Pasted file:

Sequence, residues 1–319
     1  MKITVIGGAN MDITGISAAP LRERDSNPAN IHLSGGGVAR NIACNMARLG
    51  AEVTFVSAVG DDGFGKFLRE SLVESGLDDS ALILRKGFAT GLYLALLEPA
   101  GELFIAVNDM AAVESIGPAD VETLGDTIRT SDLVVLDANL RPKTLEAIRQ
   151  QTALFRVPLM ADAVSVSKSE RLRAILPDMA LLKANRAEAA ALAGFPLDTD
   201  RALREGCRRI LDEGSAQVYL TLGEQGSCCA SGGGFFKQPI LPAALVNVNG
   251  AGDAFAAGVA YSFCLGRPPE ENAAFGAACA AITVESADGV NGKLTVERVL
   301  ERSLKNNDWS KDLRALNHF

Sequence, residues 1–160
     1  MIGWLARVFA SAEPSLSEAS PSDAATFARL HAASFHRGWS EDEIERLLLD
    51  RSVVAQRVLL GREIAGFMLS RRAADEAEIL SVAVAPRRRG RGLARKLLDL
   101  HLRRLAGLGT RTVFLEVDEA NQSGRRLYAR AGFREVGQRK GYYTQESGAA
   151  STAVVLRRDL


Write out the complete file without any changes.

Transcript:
Sequence, residues 1–319
     1  MKITVIGGAN MDITGISAAP LRERDSNPAN IHLSGGGVAR NIACNMARLG
    51  AEVTFVSAVG DDGFGKFLRE SLVESGLDDS ALILRKGFAT GLYLALLEPA
   101  GELFIAVNDM AAVESIGPAD VETLGDTIRT SDLVVLDANL RPKTLEAIRQ
   151  QTALFRVPLM ADAVSVSKSE RLRAILPDMA LLKANRAEAA ALAGFPLDTD
   201  RALREGCRRI LDEGSAQVYL TLGEQGSCCA SGGGFFKQPI LPAALVNVNG
   251  AGDAFAAGVA YSFCLGRPPE ENAAFGAACA AITVESADGV NGKLTVERVL
   301  ERSLKNNDWS KDLRALNHF

Sequence, residues 1–160
     1  MIGWLARVFA SAEPSLSEAS PSDAATFARL HAASFHRGWS EDEIERLLLD
    51  RSVVAQRVLL GREIAGFMLS RRAADEAEIL SVAVAPRRRG RGLARKLLDL
   101  HLRRLAGLGT RTVFLEVDEA NQSGRRLYAR AGFREVGQRK GYYTQESGAA
   151  STAVVLRRDL